Gargi Sen (Filmmaker, Convener)
Githa Hariharan (Writer, Convenor)
Kamal Mitra Chenoy (Jawaharlal Nehru University)
Anuradha Chenoy (Jawaharlal Nehru University)
Achin Vanaik (Delhi University)
Janaki Abraham (Delhi University)

  1. G. Arunima (Jawaharlal Nehru University)
  2. Anand Chakravarthy (Delhi University)
  3. Uma Chakravarthy (Delhi University)
  4. Rupa Chanda (IIM Bangalore)
  5. C.P. Chandrasekhar (Jawaharlal Nehru University)
  6. Roma Chatterji (Delhi University)
  7. Anuradha Chenoy (Jawaharlal Nehru University)
  8. Kamal Chenoy (Jawaharlal Nehru University)
  9. Satish Deshpande (Delhi University)
  10. Rohan D’Souza (Jawaharlal Nehru University)
  11. Vasanthi Devi (Former VC, Manonmaniam Sundaranar University, Tamilnadu)
  12. Jayati Ghosh (Jawaharlal Nehru University)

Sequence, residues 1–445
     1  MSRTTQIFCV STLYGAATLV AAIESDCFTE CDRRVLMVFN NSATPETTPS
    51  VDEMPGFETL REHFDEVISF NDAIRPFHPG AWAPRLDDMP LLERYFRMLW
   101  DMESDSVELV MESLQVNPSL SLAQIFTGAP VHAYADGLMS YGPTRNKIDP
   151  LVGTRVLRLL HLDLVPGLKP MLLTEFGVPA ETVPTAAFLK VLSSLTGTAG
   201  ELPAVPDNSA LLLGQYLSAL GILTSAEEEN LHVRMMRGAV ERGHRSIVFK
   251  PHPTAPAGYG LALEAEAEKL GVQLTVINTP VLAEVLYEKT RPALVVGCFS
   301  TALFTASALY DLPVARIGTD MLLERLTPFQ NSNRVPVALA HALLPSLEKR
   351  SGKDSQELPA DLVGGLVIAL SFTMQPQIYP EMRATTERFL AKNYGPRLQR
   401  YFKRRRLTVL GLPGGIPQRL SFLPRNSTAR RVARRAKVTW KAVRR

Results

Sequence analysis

13. Meena Gopal (SNDT Women’s University)
  14. Mushirul Hasan (Director, National Archives of India)
  15. Zoya Hasan (Jawaharlal Nehru University)
  16. T. Jayaraman (Tata Institute of Social Studies)
  17. Mary John (Centre for Women’s Development Studies)
  18. Kalpana Kannabiran (Hyderabad University)
  19. Nuzhat Kazmi (Jamia Millia Islamia)
  20. Farida Khan (Jamia Millia Islamia)
  21. Vina Mazumdar (Former director of CWDS)
  22. Nivedita Menon (Jawaharlal Nehru University)
  23. Aditya Nigam (Centre for the Study of Developing Studies, Delhi)
  24. Rajni Palriwala (Delhi University)
  25. Prabhat Patnaik (Jawaharlal Nehru University)
  26. Prabir Purkayastha (Delhi Science Forum)
  27. Nina Rao (Delhi University)
  28. Kannamma Raman (University of Mumbai)
  29. Rahul Roy (Indian Statistical Institute, New Delhi)